“The event will take place at the Oyster Bay Historical Society, that is what is so interesting. The raku firing tradition started with the tea ceremony so it is appropriate,” said Mittal.

 The Oyster Bay Historical Society hours  are Tuesday through Friday, 10 a.m. to 2  p.m., Saturday 11 a.m. to 3 p.m., and Sunday 1 to 4 p.m. For more information or directions, call OBHS at 516-922-5032.

News

“Visitation is up 300 percent,” said Harriet Gerard Clark, Raynham Hall Museum director.

“Two-thirds of them come because of reading the book by Brian Kilmeade, George Washington’s Secret Six: The Spy Ring That Saved The American Revolution, and seeing the series ‘Turn’ on A&E,” added Tom Valentine, docent, who keeps the list of visitors. Soon the series will include the story of Robert Townsend of Oyster Bay who was known as Culper, Jr. when he was a spy for George Washington.

Alex Sutherland, director of education, nailed his definition. “He was the most important spy for George Washington because he had the perfect cover. He was pretending to be a Loyalist and writing for a Loyalist newspaper and befriending British officers at his coffee shop in downtown New York while secretly collecting information.

As a fitness coach and a mother, Melissa Monteforte of Locust Valley knows how important it is to stay healthy, and how difficult it can be for women to make themselves, and their health, a priority. Wanting to help women take charge and feel more in control, she organized the Fit & Healthy Mamas Annual 5K run, now in its third year, which will take place on Saturday, Sept. 13 from 8:30 a.m. to noon at Eisenhower Park in East Meadow.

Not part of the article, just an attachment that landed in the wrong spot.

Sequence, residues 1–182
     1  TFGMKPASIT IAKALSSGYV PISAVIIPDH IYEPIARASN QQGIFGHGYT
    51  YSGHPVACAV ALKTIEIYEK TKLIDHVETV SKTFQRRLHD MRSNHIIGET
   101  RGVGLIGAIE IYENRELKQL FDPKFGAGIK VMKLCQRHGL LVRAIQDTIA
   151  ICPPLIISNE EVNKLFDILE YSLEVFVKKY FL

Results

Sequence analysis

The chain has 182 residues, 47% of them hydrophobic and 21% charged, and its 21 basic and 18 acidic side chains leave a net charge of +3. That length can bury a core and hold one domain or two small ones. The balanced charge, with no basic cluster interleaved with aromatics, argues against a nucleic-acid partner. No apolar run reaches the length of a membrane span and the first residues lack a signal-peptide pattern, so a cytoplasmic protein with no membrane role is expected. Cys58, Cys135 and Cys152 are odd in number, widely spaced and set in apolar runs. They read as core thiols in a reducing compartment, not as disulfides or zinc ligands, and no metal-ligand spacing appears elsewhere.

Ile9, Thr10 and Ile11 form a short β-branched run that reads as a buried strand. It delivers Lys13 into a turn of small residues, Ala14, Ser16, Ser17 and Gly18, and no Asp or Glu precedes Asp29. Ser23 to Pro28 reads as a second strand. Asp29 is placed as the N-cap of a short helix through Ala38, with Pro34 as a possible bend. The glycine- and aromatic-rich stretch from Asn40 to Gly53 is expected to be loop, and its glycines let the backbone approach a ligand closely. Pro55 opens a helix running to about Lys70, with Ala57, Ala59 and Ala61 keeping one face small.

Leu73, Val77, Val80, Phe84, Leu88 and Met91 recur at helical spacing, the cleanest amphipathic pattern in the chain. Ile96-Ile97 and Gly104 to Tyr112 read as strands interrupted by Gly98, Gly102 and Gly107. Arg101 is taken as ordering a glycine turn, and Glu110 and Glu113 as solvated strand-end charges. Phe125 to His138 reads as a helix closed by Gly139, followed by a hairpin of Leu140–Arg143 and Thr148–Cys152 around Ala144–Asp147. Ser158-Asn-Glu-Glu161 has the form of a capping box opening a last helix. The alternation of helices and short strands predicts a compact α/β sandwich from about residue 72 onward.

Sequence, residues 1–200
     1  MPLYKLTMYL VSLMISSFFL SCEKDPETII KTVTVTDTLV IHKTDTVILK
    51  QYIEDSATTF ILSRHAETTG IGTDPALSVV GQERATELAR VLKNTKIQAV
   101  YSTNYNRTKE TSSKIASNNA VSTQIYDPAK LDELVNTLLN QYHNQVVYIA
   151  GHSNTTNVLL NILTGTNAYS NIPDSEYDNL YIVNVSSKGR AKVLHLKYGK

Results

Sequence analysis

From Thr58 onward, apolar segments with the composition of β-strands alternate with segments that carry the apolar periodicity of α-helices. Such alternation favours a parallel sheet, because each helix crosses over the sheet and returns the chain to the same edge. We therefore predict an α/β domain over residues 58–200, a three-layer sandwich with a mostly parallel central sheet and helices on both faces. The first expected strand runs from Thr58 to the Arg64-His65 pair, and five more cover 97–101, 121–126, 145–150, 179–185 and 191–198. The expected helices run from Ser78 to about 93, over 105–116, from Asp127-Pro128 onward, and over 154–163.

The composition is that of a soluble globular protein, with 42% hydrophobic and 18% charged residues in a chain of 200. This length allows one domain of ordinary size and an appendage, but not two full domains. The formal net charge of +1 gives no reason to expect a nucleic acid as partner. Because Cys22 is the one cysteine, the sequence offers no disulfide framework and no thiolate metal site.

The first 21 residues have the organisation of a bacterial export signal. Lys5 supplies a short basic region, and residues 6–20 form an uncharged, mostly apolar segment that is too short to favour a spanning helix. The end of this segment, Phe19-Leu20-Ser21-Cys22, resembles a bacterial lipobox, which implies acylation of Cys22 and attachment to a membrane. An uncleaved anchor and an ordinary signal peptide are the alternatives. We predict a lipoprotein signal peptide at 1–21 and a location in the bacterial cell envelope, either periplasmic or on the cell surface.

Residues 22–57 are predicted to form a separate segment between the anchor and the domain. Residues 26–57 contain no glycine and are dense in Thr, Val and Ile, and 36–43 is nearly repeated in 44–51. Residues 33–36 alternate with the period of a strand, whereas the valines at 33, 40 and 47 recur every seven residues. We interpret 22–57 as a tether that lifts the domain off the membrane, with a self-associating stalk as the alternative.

“I felt like running was the best outlet when I became a mother; it’s such a great way to get fit and feel healthy and I wanted to share that with other moms,” says Monteforte, 31. “I wanted women to feel celebrated, no matter their fitness level, and to put their health first.”


Sports

Hard work paid off for local athletes Christine Grippo of Locust Valley, Kelly Pickard of Oyster Bay, Bernadette Winnubst of Locust Valley, Steven Quigley of Bayville, Catherine Soler of Oyster Bay, Maria Elinger of Oyster Bay, and Armand D’Amato of Oyster Bay Cove, each of whom won awards in a field of some of the best triathletes from all of Long Island and beyond in the 27th annual Runner’s Edge - Town of Oyster Bay Triathlon, held in and around Oyster Bay’s Theodore Roosevelt Memorial Park on Saturday morning, Aug. 23.

Grippo earned top honors in the women’s 30-34 age group with a time of 1 hour, 17 minutes, 36 seconds. Pickard (1:17:39) scored first among the women in the 35-39 age group. Winnubst scored in 1:38:48 to earn third place honors in the Masters Athena Weight Division. Quigley earned the second place award in the Masters Clydesdale Weight Division in 1:23:23. Soler (1:29:12) scored 5th among the women in the 20-24 age group. Ehlinger (1:39:23) was the 4th place award winner in the women’s 55-59 age group. D’Amato (1:42:44) earned top honors in the 70-74 age group.

Ice Dreams, an Olympic Ice Show starring 2014 Olympic Bronze Medalist Jason Brown and aspiring local skaters, is coming to Twin Rinks Ice Center at Eisenhower Park in East Meadow on Sept. 20.

Isabella Skvarla, 13, Julia Tauter, 12, and Chiara Vlacich, 12, all of Oyster Bay, Julia Forte, 12, of Locust Valley and Riley Stein, 11, of Bayville will be skating in the world class show to celebrate the opening of the best figure skating facility Long Island has ever seen.


Calendar

Art In A Meadow

Saturday, Sept. 13

Bayville Oktoberfest

Saturday, Sept. 13 - Sunday, Sept. 14

Hurricane Preparedness

Tuesday, Sept. 16